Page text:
The IRS issued deadlines as to when a business needs to file for the Employee Retention Credit.

Generally, for 2020 tax periods, the deadline is April 15, 2024. For 2021 tax periods, the deadline is April 15, 2025.


Should there be a error in your credit, IRS reminds you that you must pay it back, possibly with penalties and interest.

Affects on income tax returns

You should reduce your wage deduction by the amount of the ERC in the tax year the wages were paid. If you already filed your return before claiming the ERC, you should amend your income tax return to reduce your wage deduction.

ERC Scams

Warning signs of aggressive ERC marketing to watch out for:

  1. Unsolicited calls or advertisements mentioning an "easy application process," or offering a short eligibility checklist.
  2. Statements that the promoter or company can determine ERC eligibility within minutes.
  3. Large upfront fees to claim the credit.
  4. Fees based on a percentage of the refund amount of Employee Retention Credit claimed. This is a similar warning sign for average taxpayers, who should always avoid a tax preparer basing their fee on the size of the refund.
  5. Preparers refusing to sign the ERC return being filed by the business, exposing just the taxpayer claiming the credit to risk.
  6. Aggressive claims from the promoter that the business receiving the solicitation qualifies before any discussion of the group's tax situation. In reality, the Employee Retention Credit is a complex credit that requires careful review before applying.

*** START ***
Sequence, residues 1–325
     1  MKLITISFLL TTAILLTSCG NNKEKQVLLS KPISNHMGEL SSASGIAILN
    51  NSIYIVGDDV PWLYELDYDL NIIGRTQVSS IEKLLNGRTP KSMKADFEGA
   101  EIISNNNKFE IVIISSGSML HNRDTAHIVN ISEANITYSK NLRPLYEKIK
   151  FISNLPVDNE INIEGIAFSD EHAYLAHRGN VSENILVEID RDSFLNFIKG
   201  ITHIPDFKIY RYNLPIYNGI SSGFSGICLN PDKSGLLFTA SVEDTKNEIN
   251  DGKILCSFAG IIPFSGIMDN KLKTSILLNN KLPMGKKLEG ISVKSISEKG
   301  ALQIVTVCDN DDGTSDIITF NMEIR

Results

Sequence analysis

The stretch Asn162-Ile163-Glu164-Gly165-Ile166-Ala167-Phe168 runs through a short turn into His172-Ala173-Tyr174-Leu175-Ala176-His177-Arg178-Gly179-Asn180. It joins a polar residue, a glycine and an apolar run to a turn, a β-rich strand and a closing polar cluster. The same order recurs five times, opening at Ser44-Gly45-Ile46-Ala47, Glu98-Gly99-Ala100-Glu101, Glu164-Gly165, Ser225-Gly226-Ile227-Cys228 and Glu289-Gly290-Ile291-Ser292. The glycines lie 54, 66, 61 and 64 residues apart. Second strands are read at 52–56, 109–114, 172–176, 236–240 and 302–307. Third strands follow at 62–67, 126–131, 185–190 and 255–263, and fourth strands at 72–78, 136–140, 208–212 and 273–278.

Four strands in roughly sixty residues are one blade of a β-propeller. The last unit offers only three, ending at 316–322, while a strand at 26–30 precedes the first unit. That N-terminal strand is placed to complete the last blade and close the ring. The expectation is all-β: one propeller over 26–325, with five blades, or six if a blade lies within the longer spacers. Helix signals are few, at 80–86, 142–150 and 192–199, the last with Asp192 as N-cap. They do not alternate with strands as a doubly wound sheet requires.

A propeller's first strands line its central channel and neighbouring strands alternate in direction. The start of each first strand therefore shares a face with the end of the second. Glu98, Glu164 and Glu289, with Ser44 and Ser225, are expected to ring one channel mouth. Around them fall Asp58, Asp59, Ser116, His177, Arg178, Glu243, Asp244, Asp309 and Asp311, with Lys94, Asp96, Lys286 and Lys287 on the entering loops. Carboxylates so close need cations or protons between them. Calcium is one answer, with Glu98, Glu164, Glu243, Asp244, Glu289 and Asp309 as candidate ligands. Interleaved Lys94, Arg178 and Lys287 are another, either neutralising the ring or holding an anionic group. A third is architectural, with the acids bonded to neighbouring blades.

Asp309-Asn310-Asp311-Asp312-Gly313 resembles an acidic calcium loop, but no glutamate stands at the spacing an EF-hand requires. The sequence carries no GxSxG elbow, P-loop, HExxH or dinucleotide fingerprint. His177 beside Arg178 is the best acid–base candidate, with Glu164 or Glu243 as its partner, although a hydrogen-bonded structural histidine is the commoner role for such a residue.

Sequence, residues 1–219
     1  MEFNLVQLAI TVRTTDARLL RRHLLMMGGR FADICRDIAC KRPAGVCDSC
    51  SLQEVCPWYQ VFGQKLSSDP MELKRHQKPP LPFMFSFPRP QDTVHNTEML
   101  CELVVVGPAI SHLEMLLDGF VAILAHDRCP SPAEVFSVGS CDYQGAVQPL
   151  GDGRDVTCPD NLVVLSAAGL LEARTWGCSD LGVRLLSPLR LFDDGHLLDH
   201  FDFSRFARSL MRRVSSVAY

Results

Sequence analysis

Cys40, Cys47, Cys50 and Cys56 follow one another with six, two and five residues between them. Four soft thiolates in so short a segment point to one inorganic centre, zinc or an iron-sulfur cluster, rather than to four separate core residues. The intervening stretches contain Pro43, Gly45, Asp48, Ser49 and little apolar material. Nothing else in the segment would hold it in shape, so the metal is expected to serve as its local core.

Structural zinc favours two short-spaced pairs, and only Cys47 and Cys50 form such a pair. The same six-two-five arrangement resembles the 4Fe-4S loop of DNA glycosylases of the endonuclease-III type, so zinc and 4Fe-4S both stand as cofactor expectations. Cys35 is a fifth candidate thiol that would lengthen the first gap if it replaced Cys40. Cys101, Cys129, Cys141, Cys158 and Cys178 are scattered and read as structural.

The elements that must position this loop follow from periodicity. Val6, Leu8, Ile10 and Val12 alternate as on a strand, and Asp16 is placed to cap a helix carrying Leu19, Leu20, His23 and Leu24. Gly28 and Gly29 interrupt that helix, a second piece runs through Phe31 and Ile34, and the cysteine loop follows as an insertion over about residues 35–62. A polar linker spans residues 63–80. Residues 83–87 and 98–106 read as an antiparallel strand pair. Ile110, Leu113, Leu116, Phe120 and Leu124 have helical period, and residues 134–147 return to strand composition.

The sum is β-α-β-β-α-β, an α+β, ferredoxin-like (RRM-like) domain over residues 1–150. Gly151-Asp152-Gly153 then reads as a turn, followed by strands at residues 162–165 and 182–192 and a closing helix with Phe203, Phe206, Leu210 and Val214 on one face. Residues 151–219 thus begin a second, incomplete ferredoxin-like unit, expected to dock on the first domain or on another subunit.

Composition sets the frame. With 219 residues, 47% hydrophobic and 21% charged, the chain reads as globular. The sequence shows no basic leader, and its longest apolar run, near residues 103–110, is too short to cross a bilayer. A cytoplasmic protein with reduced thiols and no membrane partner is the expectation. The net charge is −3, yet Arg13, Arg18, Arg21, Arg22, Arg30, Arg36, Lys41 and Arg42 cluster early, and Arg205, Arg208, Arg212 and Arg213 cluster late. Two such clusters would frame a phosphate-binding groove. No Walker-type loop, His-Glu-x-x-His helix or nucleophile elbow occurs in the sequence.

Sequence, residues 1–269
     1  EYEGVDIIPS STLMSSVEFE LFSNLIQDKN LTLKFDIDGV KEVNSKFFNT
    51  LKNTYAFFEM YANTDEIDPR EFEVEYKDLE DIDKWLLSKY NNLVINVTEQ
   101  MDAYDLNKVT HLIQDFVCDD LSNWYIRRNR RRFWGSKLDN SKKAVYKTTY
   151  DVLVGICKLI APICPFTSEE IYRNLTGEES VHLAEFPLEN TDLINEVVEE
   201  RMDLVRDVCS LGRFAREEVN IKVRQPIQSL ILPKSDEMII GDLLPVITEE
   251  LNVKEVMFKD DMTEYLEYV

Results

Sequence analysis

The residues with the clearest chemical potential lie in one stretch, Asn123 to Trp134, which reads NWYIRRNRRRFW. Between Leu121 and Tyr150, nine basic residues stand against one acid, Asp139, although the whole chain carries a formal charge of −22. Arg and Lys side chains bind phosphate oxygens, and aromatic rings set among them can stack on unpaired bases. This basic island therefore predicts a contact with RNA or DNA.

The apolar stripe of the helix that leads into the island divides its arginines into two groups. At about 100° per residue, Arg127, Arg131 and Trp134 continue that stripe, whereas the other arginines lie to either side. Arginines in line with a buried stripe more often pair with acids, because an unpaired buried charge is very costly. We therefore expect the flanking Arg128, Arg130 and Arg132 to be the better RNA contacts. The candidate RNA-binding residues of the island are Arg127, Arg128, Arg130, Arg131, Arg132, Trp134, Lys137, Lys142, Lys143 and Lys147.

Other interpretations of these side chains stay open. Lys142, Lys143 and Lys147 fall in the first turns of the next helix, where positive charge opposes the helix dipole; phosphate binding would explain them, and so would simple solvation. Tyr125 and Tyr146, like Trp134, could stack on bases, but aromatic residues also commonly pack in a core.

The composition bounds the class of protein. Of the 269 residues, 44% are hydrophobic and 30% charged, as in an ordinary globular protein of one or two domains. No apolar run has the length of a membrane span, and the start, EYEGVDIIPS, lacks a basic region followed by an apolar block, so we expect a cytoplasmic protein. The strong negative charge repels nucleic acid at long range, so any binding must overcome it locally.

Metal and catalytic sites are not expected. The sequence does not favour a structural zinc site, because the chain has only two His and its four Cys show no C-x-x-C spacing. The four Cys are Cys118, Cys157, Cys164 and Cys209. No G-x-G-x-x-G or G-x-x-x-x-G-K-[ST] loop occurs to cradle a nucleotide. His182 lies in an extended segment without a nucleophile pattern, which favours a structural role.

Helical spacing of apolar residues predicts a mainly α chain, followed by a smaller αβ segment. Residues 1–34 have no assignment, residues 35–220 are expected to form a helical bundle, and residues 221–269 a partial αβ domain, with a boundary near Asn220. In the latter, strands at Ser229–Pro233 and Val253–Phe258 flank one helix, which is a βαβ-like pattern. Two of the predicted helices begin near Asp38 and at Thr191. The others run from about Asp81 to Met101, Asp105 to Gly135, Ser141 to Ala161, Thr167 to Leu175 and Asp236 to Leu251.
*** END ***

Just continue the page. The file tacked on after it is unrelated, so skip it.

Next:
7. The IRS also sees wildly aggressive suggestions from marketers urging businesses to submit the claim because there is nothing to lose. In reality, those improperly receiving the credit could have to repay the credit – along with substantial interest and penalties.

How to protect yourself from ERC Scammers

  1. Work with a trusted tax professional. Eligible employers who need help claiming the credit should work with a trusted tax professional; the IRS urges people not to rely on the advice of those soliciting these credits. Promoters who are marketing this ultimately have a vested interest in making money; in many cases they are not looking out for the best interests of those applying.
  2. Request a detailed worksheet explaining ERC eligibility and the computations used to determine the ERC amount.
  3. Don't accept a generic document about a government order from a third party. If they say you qualify for ERC based on a government order, ask for a copy of the government order. Review it carefully to make sure it applied to your business or organization.
  4. Don't apply unless you believe you are legitimately qualified for this credit. Details about the credit are available on IRS.gov, and again a trusted tax professional – not someone promoting the credit – can provide critical professional advice on the ERC.


In general, you need to have the records you relied on to show:

  1. That your business operations were suspended, including the specific government order;
  2. You experienced the required decline in gross receipts;
  3. Which employees received qualified wages and in what amounts;
  4. That you paid qualified wages only to employees who were not providing services, if you are a large eligible employer;
  5. How you allocated qualified health plan expenses;
  6. Your relationship to other businesses or entities and how it affects your ERC claim (see aggregation rules in Notice 2021-20, Part III, Section B);
  7. Any completed Forms 7200 that you submitted to the IRS;
  8. Any completed federal employment and income tax returns related to your claim for ERC.

Hear From Our Customers

Read what our clients say about our Payroll and Human Resource services.